See Halper, 490 U.S. at 442. Under the FCA, a person who presents a false claim to the government is liable to the government "for a civil penalty of not less than $ 5,000 and not more than $ 10,000, plus 3 times the amount of damages which the Government sustains because of the act of that person . . . ." 31 U.S.C. § 3729(a) (1986). "[Treble] damages are necessary to compensate the government completely for the costs, delays, and inconveniences occasioned by fraudulent claims." United States v. Bornstein, 423 U.S. 303, 315, 46 L. Ed. 2d 514, 96 S. Ct. 523 (1976). Penalties imposed under the FCA are civil and do not constitute punishment; thus, the imposition of civil penalties subsequent to a court order of restitution does not facially violate the Fifth Amendment's double jeopardy clause. See Halper, 490 U.S. at 442. In the "rare case," however, a civil penalty may be so disproportionate to the damages caused as to constitute punishment. See id. at 449.
This Court's order of restitution did not preclude the imposition of civil penalties on either L. Spritzer or D. Spritzer. Although this Court credited L. Spritzer's settlement figure against his restitution obligation, the Court theoretically could have required L. Spritzer to pay full restitution in accordance with the government's actual loss ($ 342,145.68) plus the $ 200,000 settlement. Likewise, the government's subsequent settlement with D. Spritzer was consistent with the FCA's provision for the recovery of damages in excess of actual loss.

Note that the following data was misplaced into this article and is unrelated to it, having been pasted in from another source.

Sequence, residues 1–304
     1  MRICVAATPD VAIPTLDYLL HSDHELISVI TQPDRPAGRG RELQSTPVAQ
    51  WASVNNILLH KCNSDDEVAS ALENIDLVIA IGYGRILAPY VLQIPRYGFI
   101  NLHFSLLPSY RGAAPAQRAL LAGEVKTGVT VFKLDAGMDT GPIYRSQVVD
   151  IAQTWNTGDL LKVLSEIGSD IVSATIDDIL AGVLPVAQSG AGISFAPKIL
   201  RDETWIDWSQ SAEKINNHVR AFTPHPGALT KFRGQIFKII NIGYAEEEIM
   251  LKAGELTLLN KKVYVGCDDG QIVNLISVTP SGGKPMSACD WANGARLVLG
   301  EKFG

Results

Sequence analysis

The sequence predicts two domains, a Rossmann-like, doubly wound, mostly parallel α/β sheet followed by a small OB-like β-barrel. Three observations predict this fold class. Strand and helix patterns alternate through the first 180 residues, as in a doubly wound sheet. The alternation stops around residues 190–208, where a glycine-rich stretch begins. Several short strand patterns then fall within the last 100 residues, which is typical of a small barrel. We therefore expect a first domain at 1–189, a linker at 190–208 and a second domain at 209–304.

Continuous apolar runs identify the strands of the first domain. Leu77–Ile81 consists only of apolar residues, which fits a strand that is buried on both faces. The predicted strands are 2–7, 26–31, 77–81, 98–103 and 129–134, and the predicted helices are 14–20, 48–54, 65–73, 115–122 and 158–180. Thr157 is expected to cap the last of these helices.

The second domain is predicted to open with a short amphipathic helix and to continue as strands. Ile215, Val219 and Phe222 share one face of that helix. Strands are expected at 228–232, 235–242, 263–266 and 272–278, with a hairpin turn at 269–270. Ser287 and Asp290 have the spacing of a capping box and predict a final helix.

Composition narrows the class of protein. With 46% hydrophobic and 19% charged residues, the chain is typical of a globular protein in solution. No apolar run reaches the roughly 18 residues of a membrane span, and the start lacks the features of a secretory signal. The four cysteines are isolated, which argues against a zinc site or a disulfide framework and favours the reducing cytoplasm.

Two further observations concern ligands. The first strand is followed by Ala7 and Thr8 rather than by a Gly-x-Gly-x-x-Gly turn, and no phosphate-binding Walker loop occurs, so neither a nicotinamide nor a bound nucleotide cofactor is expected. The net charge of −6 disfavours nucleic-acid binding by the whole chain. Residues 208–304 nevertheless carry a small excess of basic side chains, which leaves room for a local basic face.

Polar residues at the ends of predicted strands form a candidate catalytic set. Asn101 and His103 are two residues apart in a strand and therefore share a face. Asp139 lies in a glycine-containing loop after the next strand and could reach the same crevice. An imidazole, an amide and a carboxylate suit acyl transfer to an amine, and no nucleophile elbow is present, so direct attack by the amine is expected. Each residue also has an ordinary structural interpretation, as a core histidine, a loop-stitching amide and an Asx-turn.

This Court is not required to further reduce L. Spritzer's restitution by crediting D. Spritzer's settlement against L. Spritzer's restitution obligation. As the law provides for the imposition of civil penalties subsequent to criminal restitution, see Halper, 490 U.S. at 442, it would be inconsistent to conversely require a court to credit civil penalties against restitution. Following L. Spritzer's sentencing, the government expected to recover an amount equal to its actual loss (i.e., $ 342,145.65), but well short of the amount it could have recovered pursuant to the FCA's provision for treble damages. Even after accounting for D. Spritzer's $ 100,000 settlement, the government's total recovery ($ 442,145.65) will remain below what the FCA's treble damages provision would allow. Furthermore, to credit L. Spritzer's obligation for D. Spritzer's settlement would defeat Congress's intent to provide "for civil recovery in excess of the Government's actual damages . . . ." See Halper, 490 U.S. at 442. Thus, even if L. Spritzer's request for correction of this Court's restitution order was not procedurally barred, his request would be rejected on the merits.
For the reasons set out above, the Court will deny L. Spritzer's motion under 28 U.S.C. § 2255 to vacate, set aside, or correct his sentence. An appropriate Order is attached.
Dated: June 23, 1997
ALFRED M. WOLIN, U.S.D.J.
In accordance with the Court's Memorandum Opinion filed herewith,
It is on this 23d day of June, 1997
ORDERED that petitioner Lawrence Spritzer's motion under 28 U.S.C. § 2255 to vacate, set aside, or correct his sentence is denied.
ALFRED M. WOLIN, U.S.D.J.